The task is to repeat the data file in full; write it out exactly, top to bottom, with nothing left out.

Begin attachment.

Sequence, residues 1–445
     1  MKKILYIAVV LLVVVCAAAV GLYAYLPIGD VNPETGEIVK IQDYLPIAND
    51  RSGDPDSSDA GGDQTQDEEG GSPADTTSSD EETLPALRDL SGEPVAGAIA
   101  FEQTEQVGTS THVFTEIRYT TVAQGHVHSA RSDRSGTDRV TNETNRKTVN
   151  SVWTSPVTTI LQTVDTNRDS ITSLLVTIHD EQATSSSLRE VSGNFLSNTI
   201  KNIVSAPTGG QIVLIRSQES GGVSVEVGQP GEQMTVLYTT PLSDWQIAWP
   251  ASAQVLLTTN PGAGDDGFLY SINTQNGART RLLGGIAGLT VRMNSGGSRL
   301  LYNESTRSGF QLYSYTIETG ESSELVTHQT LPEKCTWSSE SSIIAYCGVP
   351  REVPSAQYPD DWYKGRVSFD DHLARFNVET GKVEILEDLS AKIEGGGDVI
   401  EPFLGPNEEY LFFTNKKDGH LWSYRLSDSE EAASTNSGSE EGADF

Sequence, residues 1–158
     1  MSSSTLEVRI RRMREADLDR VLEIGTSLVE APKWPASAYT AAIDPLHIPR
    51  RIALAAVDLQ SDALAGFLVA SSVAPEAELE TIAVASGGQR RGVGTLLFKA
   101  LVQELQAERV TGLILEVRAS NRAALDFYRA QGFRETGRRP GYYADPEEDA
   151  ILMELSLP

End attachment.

Sequence, residues 1–445
     1  MKKILYIAVV LLVVVCAAAV GLYAYLPIGD VNPETGEIVK IQDYLPIAND
    51  RSGDPDSSDA GGDQTQDEEG GSPADTTSSD EETLPALRDL SGEPVAGAIA
   101  FEQTEQVGTS THVFTEIRYT TVAQGHVHSA RSDRSGTDRV TNETNRKTVN
   151  SVWTSPVTTI LQTVDTNRDS ITSLLVTIHD EQATSSSLRE VSGNFLSNTI
   201  KNIVSAPTGG QIVLIRSQES GGVSVEVGQP GEQMTVLYTT PLSDWQIAWP
   251  ASAQVLLTTN PGAGDDGFLY SINTQNGART RLLGGIAGLT VRMNSGGSRL
   301  LYNESTRSGF QLYSYTIETG ESSELVTHQT LPEKCTWSSE SSIIAYCGVP
   351  REVPSAQYPD DWYKGRVSFD DHLARFNVET GKVEILEDLS AKIEGGGDVI
   401  EPFLGPNEEY LFFTNKKDGH LWSYRLSDSE EAASTNSGSE EGADF

Sequence, residues 1–158
     1  MSSSTLEVRI RRMREADLDR VLEIGTSLVE APKWPASAYT AAIDPLHIPR
    51  RIALAAVDLQ SDALAGFLVA SSVAPEAELE TIAVASGGQR RGVGTLLFKA
   101  LVQELQAERV TGLILEVRAS NRAALDFYRA QGFRETGRRP GYYADPEEDA
   151  ILMELSLP